They’re buying it. Figuratively and literally.
Global equities looked for a fourth consecutive weekly gain and 10-year US yields were poised for their biggest weekly drop in a year (figures below), as market participants now appear on board with the Fed’s insistence that elevated inflation will prove transitory.
Colloquially, it felt like folks were just happy to have May CPI out of the way — glad to be clear of the event risk. Throw in some short covering and just like that, benchmark US yields were at three-month lows, supporting risk assets in the process. MSCI’s emerging market currency index hit a record Friday.
“Inflation is the macroeconomic equivalent of phantom limb pain — a problem long since cut out can still hurt,” Credit Suisse’s James Sweeney said, adding that “the pain comes through a reflexive fear of policy reactions to inflation risk – a different thing from actual inflation.”
If that “reflexive fear” is allayed by persistent promises from policymakers who are steadfast in the contention they won’t panic or otherwise exhibit any pretensions to preemptive tightening in the face of a handful of monthly inflation prints rife with distortions, market participants can be pacified.
It’s not just Fed cooing that’s emboldening markets and prompting traders to rethink the inflation story. As SocGen’s Albert Edwards wrote Thursday, “the key factor” when it comes to determining whether the current situation morphs into something more nefarious is wage inflation.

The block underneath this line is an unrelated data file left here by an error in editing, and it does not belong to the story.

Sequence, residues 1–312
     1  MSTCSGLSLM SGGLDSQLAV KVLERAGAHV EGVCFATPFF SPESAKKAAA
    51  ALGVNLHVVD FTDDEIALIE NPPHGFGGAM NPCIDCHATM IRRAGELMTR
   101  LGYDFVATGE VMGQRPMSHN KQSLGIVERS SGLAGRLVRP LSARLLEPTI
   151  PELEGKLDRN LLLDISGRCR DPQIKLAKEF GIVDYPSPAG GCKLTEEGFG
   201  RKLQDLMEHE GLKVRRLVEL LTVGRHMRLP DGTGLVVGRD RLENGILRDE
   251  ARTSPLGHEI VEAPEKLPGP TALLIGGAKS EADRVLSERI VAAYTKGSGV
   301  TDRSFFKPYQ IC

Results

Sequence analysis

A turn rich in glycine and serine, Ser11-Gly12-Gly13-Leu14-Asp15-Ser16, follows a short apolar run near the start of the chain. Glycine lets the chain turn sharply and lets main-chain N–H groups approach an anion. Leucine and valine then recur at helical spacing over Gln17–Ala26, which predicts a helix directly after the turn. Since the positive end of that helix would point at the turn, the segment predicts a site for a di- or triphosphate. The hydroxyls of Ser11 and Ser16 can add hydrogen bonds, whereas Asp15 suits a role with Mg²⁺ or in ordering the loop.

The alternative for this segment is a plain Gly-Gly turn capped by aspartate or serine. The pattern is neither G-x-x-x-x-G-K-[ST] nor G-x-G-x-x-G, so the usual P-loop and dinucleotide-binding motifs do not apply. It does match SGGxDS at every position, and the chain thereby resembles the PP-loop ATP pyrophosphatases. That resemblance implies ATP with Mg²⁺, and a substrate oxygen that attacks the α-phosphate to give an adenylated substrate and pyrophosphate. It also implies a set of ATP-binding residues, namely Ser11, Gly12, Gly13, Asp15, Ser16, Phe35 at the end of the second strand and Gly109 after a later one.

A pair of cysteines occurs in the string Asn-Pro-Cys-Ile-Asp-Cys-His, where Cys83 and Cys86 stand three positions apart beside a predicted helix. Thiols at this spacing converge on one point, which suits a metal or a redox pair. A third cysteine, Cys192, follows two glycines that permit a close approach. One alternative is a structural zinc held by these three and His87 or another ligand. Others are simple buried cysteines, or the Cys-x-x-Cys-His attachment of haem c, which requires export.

“Inflation needs leverage and leverage needs higher wage expectations,” TS Lombard said, echoing those sentiments. “To be clear, inflation is process not price changes, per se, and critical to this process is high expectations for salary raises.”
(Who’s expecting a massive raise? And if you are, are you confident enough in that prediction to go out and borrow against it with your credit card at Best Buy today?)
If fears continue to recede and bond yields are kept at bay, one obvious read-through is that hand-wringing over the prospect of an acute de-rating for an equity market trading exceptionally rich may abate. That said, it’s worth noting that if breakevens move lower and real yields rise, that could still pose a headwind for risk assets.
That latter caveat aside, the prevailing (rosy) narrative Friday was simply that with US yields now ~30bps off the local highs and Jerome Powell likely to be especially cautious about upsetting any apple carts with taper talk at the June meeting, risk assets have a green light.
That could prove misguided in hindsight (it might even seem quaint within days or even hours), but we need to craft narratives and tell stories to make sense of markets. After all, markets are human creations. There’s no such thing as “stocks” and “bonds” outside of our belief in them, so if we don’t write the story, there won’t be one.